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Figure 1: Example workflow illustrating the acquisition and processing of FTU data from a three-dimensional reconstruction of human colon tissue. Step 1: The FTU template (A) is prepared according to the biophysical constraints under consideration, such that the long axis of the resulting cylindrical block of tissue is that of the feeding capillary (CAP) on which it is metabolically dependent. This template is applied to an appropriate volumetric region in the three-dimensional histology image dataset (B). The various cells within this region (coloured boxes) are typed and their position recorded (Note: red boxes represent endothelial cells, here shown lining the feeding capillary – CAP – and the erythrocytes within its lumen). Step 2: The cellular annotations across the full extent of the FTU cylindrical boundaries (C) are stored, together with the image data and the anatomical provenance of the tissue sample. Step 3: As the resulting primary tissue motif for the above colonic FTU uses standard reference ontology terms to represent both (i) a non-redundant list of distinct cell types, as well as (ii) the anatomical region of origin for the sourced tissue material, a terse graphical depiction of the constitution of this FTU may be automatically included in the context of whole-body anatomy maps, such as the one schematized by the ApiNATOMY tool[9] in (D). In this schematic, the outer boundary of the map represents the various epithelial surface categories (each individually coloured and labelled), and the inside tiles represent vascular (red) and neural (purple) structures respectively.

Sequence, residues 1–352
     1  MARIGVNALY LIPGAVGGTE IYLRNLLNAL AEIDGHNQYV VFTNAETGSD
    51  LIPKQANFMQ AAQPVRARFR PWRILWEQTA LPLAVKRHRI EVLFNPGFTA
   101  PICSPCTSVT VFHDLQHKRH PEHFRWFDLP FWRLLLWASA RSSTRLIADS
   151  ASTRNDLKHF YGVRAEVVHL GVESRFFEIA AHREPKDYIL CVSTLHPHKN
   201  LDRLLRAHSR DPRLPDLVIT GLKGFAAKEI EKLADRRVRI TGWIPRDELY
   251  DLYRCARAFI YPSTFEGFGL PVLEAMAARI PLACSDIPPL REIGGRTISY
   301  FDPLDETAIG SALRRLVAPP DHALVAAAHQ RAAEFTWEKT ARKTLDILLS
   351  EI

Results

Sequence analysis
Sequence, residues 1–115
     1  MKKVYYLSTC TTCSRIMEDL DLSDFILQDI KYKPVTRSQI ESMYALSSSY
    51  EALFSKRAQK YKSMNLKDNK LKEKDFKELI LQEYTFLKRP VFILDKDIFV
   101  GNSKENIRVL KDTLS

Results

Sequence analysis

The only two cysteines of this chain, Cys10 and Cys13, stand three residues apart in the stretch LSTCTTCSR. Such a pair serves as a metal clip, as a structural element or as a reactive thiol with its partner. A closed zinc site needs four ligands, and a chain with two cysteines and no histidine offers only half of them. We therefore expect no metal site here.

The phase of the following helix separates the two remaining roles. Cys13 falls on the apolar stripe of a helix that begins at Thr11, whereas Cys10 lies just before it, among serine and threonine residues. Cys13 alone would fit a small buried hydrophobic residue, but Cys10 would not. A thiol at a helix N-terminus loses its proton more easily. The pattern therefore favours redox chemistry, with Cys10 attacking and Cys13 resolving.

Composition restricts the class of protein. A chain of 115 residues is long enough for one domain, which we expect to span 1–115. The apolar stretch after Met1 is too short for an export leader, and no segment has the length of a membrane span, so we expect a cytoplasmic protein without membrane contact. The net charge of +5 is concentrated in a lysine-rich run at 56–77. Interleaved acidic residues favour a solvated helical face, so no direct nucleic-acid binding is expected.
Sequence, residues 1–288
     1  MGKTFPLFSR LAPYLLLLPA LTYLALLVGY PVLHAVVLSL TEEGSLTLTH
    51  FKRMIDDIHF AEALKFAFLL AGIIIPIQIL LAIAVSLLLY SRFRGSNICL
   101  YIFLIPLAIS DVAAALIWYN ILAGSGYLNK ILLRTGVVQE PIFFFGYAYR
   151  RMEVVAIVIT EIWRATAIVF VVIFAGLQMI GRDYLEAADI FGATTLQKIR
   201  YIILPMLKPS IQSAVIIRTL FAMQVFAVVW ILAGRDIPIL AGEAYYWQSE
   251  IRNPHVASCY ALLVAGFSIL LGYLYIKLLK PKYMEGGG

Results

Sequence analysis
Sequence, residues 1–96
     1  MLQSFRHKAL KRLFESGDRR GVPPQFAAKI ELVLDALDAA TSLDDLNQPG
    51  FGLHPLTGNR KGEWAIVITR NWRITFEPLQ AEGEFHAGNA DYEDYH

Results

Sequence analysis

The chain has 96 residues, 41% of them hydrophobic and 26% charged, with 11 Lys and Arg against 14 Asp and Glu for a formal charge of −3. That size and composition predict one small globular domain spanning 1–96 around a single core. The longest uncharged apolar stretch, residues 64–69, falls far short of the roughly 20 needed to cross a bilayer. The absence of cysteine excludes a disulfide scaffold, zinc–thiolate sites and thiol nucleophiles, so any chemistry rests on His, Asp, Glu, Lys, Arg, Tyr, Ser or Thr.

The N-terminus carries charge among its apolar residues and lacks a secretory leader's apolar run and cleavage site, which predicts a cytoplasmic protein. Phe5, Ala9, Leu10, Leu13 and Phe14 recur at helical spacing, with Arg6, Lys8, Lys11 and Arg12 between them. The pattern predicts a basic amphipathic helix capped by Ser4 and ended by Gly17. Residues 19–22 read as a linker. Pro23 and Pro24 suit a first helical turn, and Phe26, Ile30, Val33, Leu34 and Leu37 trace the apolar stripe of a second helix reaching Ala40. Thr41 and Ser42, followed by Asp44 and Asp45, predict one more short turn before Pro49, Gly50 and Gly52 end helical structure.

Mentions: It is therefore possible to identify a unit of solid tissue consisting of a well-defined heterogeneous set of cells that is both (i) metabolically dependent on the same capillary, as well as (ii) the cellular substrate for tissue-level molecular pathways co-ordinated via paracrine communication. This block of tissue has a cylindrical shape whose long axis is that of the feeding capillary on which it is metabolically dependent (Figure 1A). The rigid biophysical constraint that within this cylinder no two cells may be more than 100 μm apart (dashed line, Figure 1A) provides a fundamental mathematical limit to calculate the absolute dimensions of an FTU. As the application of this limit in isolation gives rise to multiple solutions, the addition of a second constraint is required to provide specific values to the diameter and length of a cylindrical tissue block. For instance, by requiring that the particular cylinder of choice is one that achieves the maximal volume (i.e. the volume ensuring the greatest possible mass of protein metabolic machinery within the FTU substrate) we have estimated the diameter of that cylindrical block to be about 80 μm and the length approximately 60 μm.